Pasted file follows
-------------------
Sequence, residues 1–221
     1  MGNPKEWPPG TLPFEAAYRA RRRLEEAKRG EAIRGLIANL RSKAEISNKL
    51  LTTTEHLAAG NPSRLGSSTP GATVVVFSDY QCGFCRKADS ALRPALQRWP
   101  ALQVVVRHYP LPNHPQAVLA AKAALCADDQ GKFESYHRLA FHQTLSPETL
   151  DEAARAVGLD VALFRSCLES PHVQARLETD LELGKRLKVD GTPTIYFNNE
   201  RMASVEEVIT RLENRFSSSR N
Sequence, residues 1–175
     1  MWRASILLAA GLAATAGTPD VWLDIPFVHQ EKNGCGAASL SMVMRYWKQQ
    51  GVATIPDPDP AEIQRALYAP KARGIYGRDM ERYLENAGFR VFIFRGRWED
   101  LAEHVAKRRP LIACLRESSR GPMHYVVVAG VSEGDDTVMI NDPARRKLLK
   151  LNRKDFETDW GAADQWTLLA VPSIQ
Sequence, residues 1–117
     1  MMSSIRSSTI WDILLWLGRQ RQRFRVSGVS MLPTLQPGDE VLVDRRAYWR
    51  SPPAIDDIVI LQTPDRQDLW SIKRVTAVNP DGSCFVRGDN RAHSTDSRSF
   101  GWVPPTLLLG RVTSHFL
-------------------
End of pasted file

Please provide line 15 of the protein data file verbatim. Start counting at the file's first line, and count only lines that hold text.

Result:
   101  GWVPPTLLLG RVTSHFL